Let me work you through the numbers. We grew at less than a total of 1.4% for the first six months of 2011. To get to 2.3% as an average for the year, we would need to grow by (back of the napkin) 3.2% for the last half of the year. We could reduce the deficit by a lot if we could sell what these guys are smoking to engender such optimism. I think demand would be strong, especially on Wall Street. (Note: these are the same people that told us in 2000 that all government debt would be gone by 2010. Just saying.)
Their projections are likely based on assumptions about recoveries from past recessions. But since 1945, all recessions have been business-cycle recessions. We are now in a deleveraging/balance-sheet/post-credit-crisis recession for which we have no modern analogs, except maybe Japan. And that hasn’t turned out too well, as in, two decades of going nowhere. Yet we are applying the same methodology (massive debt and deficits along with zero interest rates) that did not work there, and will soon bring Japan to ruin.
We have a fundamentally different economic scenario than at any time for the last 66 years. Why then should we expect the same outcome? EVERY indicator (employment, GDP, ISM, sentiment, etc.) is far below its average result two years after the official end of a recession. That should speak volumes.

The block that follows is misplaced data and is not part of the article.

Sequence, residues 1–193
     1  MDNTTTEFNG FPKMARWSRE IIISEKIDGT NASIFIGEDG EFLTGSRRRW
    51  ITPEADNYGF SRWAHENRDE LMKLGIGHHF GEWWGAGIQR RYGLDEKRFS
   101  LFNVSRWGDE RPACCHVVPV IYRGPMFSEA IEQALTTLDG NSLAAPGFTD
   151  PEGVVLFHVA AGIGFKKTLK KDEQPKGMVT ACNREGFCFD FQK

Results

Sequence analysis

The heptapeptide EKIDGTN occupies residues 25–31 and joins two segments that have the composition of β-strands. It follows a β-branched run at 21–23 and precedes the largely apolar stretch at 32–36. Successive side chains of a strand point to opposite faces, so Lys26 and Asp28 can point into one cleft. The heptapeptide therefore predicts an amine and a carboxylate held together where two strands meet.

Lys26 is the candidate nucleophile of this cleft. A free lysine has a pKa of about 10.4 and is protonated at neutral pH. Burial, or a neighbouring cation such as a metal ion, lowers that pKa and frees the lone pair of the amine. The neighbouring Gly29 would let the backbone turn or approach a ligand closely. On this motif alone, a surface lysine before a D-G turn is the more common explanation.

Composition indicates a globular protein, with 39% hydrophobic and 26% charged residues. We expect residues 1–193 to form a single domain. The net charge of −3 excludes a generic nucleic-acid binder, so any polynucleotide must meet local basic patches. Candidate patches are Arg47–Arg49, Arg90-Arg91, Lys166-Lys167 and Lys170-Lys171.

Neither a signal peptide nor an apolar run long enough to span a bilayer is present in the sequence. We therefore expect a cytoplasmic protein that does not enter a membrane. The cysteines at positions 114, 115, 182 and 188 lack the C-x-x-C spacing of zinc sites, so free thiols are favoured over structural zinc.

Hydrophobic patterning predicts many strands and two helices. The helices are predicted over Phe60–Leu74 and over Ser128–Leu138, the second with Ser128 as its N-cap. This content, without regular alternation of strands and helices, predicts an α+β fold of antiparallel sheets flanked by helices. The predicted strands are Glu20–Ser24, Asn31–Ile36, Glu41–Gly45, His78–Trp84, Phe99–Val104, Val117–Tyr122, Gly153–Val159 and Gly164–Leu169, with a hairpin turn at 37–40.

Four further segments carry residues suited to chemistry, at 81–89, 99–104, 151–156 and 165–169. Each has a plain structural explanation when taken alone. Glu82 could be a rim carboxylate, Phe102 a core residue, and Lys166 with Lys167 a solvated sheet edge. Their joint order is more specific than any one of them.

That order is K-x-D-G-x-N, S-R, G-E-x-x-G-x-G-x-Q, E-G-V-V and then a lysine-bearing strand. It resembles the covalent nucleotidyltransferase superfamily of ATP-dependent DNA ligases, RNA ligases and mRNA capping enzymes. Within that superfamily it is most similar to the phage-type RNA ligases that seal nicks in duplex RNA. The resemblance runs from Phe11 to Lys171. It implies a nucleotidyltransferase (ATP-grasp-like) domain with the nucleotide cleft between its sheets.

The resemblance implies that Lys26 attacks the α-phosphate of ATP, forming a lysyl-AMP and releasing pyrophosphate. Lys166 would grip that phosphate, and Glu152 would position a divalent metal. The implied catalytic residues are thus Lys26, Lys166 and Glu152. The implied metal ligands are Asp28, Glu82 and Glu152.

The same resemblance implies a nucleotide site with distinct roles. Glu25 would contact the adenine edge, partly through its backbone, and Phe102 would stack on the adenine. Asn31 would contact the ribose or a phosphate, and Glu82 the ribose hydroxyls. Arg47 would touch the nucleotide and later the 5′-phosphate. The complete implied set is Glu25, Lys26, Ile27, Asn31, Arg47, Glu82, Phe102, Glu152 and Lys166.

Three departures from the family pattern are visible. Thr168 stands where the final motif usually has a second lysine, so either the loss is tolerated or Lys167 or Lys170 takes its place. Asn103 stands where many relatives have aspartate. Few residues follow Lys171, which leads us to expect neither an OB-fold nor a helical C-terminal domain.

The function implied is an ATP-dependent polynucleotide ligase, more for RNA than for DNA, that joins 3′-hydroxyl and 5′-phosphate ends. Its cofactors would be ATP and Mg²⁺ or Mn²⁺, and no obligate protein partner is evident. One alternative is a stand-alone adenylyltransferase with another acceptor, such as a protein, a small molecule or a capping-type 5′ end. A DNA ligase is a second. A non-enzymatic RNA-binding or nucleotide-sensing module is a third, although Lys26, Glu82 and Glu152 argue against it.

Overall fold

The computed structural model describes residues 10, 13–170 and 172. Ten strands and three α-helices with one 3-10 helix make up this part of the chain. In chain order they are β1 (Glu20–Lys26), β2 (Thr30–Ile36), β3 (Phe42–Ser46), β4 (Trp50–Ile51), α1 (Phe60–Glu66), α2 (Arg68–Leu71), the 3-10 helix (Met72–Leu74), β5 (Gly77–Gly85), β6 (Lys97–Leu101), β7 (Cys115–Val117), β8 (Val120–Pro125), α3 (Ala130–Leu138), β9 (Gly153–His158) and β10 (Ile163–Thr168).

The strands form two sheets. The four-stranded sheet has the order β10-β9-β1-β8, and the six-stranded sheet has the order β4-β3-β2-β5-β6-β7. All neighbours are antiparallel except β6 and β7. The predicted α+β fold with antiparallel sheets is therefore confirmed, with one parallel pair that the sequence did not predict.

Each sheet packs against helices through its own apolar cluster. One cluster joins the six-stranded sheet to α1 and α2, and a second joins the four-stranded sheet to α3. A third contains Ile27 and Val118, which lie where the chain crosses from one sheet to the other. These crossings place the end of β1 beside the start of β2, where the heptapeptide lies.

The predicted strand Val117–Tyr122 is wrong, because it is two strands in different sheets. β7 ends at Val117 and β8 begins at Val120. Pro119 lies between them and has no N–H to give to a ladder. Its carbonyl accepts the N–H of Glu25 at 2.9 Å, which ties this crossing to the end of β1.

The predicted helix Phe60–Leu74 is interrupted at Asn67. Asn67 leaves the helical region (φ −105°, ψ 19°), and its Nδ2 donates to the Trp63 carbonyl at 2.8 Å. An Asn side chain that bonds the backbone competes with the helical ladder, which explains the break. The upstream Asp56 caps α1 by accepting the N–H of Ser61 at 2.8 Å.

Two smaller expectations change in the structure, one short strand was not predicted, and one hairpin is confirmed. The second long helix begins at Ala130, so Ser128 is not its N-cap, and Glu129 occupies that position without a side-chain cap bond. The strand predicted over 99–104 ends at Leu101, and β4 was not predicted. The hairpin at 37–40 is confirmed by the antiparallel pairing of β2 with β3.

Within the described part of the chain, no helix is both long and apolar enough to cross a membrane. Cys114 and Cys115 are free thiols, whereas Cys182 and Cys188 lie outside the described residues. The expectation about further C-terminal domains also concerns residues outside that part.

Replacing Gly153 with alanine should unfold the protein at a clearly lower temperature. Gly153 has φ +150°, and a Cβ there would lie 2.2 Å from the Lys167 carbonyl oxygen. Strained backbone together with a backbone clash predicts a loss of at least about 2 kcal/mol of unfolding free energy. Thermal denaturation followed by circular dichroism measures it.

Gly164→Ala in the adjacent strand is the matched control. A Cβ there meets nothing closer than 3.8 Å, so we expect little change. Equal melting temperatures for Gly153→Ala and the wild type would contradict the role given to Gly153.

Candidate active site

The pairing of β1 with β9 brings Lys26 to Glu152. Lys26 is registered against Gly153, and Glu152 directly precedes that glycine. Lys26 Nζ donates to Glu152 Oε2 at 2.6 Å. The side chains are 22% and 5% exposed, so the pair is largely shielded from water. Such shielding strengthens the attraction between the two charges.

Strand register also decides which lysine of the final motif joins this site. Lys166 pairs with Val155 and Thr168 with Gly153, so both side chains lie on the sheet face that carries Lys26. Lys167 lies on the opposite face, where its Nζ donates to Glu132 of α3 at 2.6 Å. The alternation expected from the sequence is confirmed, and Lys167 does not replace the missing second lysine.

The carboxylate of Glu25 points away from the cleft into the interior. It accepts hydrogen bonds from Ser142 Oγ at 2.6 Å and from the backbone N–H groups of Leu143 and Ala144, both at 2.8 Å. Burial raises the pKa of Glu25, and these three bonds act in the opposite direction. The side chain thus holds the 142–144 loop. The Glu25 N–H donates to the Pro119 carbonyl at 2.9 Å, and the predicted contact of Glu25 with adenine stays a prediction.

So why does what the CBO says mean anything? Because Congress is making projections for future deficits, based on what appear to be wildly optimistic assumptions. That means future deficits are likely to be worse than expected. If we enter recession, as I expect, then revenues will be down (as unemployment will be up and profits down) and expenses will go up. That de minimis deficit reduction currently being negotiated by the “Gang of 12” will disappear in a cloud of smoke and maze of mirrors. This will mean that more pain in the terms of future spending cuts and/or tax increases will be needed. (I know a fair number of congressional staffers read this letter. Please pay attention here – your bosses need to be given a “heads up.”)
If we are in for a slow-growth, Muddle Through decade, then the deficit projections by CBO are dismally off.
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